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Male taxi drivers remain at higher risk of dying from COVID than many other occupations reveals data

Men working as taxi drivers, chauffeurs and private hire drivers are at higher risk of dying from COVID-19 than many other occupations according to new analysis.

The new statistics released today by the Office for National Statistics (ONS) revealed 209 men working in the taxi, private hire and chauffeur industry had sadly died of coronavirus.

That data presents a rate of 101.4 deaths per 100,000 male drivers.

In total the analysis showed there were 7,961 deaths involving COVID-19 for those classed in the ‘working age’ population, aged between 20 and 64 years in England and Wales.

The data looks closely at COVID deaths registered between 9 March and 28 December 2020, revealing nearly two-thirds of these deaths (64.4%) were among men, with 5,128 deaths compared with 35.6% (2,833 deaths) among women.

Men had a statistically higher rate of death involving COVID-19, with 31.4 deaths per 100,000 men of the working population, compared with 16.8 deaths per 100,000 women.

Workers who operate in closer proximity to each other, and in occupations that have high risk to regular exposure to COVID-19, continue to have higher coronavirus death rates when compared with the rest of the working age group.

The 10 occupations with the highest male rates of death involving COVID-19 were:

  • restaurant and catering establishment managers and proprietors (119.3 deaths per 100,000 males; 26 deaths)

  • metal working and machine operatives (106.1 deaths per 100,000 males; 40 deaths)

  • food, drink and tobacco process operatives (103.7 deaths per 100,000 males; 52 deaths)

  • chefs (103.1 deaths per 100,000 males; 82 deaths)

  • taxi and cab drivers and chauffeurs (101.4 deaths per 100,000 males; 209 deaths)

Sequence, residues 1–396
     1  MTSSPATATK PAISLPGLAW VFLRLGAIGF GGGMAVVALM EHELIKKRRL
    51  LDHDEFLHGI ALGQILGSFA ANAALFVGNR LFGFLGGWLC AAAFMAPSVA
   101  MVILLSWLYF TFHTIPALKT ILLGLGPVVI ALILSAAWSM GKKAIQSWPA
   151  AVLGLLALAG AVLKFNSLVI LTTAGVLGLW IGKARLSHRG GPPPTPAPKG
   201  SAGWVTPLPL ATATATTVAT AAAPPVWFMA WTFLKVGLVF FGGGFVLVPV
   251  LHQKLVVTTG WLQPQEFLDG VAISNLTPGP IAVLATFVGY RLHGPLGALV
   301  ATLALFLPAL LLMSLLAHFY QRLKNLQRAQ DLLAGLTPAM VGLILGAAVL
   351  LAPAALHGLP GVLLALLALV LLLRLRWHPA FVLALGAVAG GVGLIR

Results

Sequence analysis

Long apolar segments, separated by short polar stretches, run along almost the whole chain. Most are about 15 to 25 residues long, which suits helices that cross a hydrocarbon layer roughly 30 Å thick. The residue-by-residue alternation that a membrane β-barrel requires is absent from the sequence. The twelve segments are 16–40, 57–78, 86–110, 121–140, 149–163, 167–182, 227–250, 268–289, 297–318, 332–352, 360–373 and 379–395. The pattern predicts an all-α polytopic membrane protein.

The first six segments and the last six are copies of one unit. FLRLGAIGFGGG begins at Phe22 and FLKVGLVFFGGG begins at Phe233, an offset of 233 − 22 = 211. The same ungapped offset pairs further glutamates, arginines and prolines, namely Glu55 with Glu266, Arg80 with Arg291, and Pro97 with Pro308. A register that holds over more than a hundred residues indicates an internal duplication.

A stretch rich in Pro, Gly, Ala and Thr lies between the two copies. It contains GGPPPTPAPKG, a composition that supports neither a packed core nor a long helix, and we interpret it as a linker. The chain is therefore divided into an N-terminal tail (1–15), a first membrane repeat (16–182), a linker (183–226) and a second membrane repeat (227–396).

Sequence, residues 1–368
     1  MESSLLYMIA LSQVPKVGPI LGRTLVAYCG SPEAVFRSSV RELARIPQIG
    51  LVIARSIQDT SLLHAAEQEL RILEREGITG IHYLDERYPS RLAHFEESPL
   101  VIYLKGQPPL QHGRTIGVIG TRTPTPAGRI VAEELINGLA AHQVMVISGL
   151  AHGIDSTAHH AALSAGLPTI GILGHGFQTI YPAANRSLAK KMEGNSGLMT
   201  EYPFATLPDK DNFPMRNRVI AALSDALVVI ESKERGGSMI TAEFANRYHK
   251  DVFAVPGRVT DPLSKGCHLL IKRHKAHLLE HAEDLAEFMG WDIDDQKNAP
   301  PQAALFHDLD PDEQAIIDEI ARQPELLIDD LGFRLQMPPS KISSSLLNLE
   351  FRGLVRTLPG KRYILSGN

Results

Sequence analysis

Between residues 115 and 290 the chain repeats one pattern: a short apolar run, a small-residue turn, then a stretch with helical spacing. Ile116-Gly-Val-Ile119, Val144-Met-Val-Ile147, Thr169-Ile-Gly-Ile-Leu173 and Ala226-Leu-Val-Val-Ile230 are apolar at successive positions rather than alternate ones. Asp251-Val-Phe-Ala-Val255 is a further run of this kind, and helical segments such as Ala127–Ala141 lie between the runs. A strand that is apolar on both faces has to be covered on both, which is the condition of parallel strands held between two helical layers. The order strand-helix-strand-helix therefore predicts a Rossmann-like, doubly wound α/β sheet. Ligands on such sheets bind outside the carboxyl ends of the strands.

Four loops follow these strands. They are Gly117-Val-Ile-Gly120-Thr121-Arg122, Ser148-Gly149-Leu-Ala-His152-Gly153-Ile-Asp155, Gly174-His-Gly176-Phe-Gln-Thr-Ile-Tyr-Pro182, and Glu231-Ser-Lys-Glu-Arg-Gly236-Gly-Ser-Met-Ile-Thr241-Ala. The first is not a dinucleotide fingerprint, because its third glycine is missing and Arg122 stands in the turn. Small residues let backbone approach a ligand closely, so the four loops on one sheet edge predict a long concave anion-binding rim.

• nursing auxiliaries and assistants (87.2 deaths per 100,000 males; 45 deaths)

  • elementary construction occupations (82.1 deaths per 100,000 males; 70 deaths)

  • nurses (79.1 deaths per 100,000 males; 47 deaths)

  • local government administrative occupations (72.1 deaths per 100,000 males; 23 deaths)

  • bus and coach drivers (70.3 deaths per 100,000 males; 83 deaths).

Ben Humberstone, ONS Head of Health Analysis and Life Events, said: “Today’s analysis shows that jobs with regular exposure to COVID-19 and those working in close proximity to others continue to have higher COVID-19 death rates when compared with the rest of the working age population. Men continue to have higher rates of death than women, making up nearly two thirds of these deaths.

“As the pandemic has progressed, we have learnt more about the disease and the communities it impacts most. There are a complex combination of factors that influence the risk of death; from your age and your ethnicity, where you live and who you live with, to pre-existing health conditions. Our findings do not prove that the rates of death involving COVID-19 are caused by differences in occupational exposure.”


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